As promised in September, the University of Hawaii has formed a task force aimed at improving services for student veterans. The 15-member group is holding its first meeting today.
The university estimates that it currently enrolls about 2,400 student veterans, which equates to about 4 percent of the entire student body.
The task force is expected to collaborate with student veterans at the university, evaluate data collection practices, provide recommendations and track federal policy changes. The idea is to get a better understanding of the challenges facing student veterans in Hawaii and develop services to better support them.
Civil Beat has recently reported that Hawaii is one of 29 states that doesn’t grant out-of-state student veterans in-state tuition. And because the GI Bill — which promises to foot the bill of higher education for those who’ve served in the military — only covers up to about $18,000 of a veteran’s tuition, out-of-state student veterans end up having to pay the rest of UH’s $23,200 ticket price out of pocket. That adds up to about $5,200 a year for out-of-state student veterans in Hawaii, according to the Hawaii Alliance of Student Veterans.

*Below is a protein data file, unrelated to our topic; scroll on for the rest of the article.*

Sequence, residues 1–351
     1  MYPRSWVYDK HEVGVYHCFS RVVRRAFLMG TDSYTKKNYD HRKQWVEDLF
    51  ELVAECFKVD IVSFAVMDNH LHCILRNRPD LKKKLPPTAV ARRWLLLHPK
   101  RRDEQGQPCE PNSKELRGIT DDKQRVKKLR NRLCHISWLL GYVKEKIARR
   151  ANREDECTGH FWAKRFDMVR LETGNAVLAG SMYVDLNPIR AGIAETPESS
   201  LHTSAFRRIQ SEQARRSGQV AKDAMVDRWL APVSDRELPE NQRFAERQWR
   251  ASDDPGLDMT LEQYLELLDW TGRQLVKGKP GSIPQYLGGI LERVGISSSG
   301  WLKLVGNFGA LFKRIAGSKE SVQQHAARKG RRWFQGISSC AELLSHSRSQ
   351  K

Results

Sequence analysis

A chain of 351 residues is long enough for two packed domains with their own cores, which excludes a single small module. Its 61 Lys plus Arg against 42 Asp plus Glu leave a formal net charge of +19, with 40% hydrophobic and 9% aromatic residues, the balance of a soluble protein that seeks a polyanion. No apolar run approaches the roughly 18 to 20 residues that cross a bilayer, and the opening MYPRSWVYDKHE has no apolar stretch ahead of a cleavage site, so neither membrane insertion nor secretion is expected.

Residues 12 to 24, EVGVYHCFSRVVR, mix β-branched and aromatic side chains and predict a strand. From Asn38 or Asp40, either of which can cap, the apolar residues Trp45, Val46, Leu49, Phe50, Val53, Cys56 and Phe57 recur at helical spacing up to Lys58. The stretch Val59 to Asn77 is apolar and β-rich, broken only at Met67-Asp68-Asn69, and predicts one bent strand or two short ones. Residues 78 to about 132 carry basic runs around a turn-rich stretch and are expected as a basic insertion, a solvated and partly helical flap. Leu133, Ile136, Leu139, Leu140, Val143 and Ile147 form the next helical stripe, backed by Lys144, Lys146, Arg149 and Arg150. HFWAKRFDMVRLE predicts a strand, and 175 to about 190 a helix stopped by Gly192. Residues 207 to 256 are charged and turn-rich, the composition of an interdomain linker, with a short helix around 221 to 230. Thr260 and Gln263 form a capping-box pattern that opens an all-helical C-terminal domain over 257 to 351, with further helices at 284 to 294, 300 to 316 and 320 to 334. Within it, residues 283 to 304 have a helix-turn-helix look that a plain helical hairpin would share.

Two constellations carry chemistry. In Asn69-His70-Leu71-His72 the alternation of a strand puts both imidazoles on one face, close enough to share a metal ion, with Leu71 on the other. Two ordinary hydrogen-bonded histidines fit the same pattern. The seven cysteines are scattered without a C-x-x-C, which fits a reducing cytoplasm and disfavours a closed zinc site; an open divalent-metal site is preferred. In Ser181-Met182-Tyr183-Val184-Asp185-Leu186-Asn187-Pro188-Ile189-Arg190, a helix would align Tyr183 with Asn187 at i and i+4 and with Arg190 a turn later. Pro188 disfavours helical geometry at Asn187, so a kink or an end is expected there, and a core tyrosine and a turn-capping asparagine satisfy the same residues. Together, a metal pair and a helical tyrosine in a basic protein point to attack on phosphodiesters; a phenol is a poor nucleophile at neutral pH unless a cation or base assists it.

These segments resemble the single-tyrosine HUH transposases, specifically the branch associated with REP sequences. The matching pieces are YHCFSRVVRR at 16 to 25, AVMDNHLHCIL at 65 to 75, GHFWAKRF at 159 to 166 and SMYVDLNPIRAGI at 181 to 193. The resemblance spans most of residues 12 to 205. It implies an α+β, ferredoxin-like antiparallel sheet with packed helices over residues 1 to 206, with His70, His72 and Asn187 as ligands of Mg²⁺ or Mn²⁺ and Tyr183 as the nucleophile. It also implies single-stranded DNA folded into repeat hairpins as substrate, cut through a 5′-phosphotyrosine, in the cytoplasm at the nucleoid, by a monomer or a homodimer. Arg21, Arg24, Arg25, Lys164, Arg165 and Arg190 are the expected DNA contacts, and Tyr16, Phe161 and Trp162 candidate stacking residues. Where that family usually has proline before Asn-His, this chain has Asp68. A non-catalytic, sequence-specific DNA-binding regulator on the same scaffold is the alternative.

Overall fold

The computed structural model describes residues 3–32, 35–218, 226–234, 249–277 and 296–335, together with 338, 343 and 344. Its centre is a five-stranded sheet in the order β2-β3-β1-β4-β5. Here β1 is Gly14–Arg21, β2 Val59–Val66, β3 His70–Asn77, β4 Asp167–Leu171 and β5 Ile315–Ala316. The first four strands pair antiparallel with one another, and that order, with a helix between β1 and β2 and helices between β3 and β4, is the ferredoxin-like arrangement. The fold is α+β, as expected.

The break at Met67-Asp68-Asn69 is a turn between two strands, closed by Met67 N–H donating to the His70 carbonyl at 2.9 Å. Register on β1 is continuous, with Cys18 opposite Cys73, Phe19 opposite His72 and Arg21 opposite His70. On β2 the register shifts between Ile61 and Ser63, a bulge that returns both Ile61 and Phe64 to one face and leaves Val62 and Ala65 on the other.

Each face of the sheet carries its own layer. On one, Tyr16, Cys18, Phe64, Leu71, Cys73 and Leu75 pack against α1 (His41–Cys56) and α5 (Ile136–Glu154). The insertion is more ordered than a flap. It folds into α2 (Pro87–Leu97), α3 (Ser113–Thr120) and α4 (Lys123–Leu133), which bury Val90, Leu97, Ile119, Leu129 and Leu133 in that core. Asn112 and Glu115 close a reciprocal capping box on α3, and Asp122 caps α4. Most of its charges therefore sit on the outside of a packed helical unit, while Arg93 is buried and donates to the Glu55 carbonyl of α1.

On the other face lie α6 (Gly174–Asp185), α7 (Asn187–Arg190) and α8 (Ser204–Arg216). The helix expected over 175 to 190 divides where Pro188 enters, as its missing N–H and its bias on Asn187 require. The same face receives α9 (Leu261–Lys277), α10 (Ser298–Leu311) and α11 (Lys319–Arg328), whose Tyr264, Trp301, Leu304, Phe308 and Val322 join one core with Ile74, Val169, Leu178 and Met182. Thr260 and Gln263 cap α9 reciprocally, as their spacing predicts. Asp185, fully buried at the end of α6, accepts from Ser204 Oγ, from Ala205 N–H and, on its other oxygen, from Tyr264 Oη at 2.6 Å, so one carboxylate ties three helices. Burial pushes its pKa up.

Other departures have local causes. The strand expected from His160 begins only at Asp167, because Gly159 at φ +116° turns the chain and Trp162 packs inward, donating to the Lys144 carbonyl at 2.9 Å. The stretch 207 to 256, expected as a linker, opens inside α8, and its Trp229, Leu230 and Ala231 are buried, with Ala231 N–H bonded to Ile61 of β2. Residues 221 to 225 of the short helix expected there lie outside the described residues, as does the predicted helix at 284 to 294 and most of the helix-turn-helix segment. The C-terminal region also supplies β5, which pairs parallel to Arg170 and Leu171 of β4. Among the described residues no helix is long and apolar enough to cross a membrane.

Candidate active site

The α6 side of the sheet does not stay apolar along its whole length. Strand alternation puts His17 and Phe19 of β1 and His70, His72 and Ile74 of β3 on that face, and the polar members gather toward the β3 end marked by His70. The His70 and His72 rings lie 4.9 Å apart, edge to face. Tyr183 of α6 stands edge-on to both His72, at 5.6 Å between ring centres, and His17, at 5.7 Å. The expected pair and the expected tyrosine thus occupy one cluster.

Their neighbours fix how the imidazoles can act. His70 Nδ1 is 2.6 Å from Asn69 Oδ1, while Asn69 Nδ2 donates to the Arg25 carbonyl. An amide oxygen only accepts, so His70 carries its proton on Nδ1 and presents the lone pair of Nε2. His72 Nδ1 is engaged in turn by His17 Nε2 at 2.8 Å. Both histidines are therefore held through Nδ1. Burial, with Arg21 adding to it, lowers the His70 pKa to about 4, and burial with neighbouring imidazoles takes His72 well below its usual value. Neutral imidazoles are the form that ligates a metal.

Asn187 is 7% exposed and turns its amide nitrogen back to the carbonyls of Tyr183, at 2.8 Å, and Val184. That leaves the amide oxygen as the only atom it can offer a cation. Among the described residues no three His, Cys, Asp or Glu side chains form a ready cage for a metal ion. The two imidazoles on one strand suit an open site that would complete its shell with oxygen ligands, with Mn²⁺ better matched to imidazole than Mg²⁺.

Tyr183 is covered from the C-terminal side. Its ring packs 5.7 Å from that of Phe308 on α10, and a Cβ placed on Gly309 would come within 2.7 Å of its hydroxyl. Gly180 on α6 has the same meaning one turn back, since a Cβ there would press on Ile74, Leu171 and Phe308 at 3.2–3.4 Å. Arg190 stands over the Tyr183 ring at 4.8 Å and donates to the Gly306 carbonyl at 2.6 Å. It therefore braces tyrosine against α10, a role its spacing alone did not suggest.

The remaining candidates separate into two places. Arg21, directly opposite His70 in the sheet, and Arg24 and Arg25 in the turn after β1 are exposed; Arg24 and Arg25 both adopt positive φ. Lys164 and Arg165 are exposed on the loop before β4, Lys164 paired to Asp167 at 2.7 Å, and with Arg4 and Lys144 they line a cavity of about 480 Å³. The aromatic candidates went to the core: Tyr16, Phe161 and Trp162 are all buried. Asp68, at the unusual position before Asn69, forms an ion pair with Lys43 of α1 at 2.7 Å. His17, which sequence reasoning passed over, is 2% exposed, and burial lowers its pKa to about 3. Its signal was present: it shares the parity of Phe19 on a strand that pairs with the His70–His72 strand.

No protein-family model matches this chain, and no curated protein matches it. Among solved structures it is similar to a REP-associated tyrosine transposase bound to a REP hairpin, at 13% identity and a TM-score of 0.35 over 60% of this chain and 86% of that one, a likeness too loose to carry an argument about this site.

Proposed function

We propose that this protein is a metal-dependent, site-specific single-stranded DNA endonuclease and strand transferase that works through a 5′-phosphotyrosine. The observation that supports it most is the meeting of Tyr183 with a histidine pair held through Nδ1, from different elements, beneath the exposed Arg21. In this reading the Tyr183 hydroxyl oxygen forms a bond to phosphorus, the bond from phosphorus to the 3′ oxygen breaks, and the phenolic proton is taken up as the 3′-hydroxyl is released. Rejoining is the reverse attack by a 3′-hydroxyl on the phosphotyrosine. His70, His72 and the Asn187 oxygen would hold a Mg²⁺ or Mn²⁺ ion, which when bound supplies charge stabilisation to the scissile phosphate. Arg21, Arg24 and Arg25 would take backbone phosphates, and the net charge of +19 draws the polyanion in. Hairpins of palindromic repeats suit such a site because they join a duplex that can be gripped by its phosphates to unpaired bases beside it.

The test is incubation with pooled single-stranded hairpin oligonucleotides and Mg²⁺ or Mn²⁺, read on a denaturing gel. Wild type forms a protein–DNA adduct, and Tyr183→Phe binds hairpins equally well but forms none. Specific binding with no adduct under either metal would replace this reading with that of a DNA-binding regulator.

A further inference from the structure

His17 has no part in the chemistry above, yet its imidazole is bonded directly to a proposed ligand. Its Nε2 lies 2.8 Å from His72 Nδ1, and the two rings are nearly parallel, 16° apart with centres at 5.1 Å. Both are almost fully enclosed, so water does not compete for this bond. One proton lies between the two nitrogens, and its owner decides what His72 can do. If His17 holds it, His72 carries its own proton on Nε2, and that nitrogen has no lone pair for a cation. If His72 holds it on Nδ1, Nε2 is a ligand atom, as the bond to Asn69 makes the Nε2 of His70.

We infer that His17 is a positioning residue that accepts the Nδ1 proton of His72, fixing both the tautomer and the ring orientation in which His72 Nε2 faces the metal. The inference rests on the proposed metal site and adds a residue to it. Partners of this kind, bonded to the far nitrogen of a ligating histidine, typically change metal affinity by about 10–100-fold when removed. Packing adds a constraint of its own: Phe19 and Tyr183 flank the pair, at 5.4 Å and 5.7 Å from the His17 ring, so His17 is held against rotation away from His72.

The task force is being chaired by Chris Manaseri, dean of student services at Leeward Community College, and supported by Jan Javinar, an executive in the UH student affairs office. Other appointed members include include staff members, administrators and students.
Read past Civil Beat coverage of student veterans at UH here.
Photo: Hawaii Alliance of Student Veterans co-founders Pili Williams and Ray Banda with Veterans of Foreign Wars Hawaii Junior Vice Commander Randy Grant. (Courtesy of the Hawaii Alliance of Student Veterans)
— Alia Wong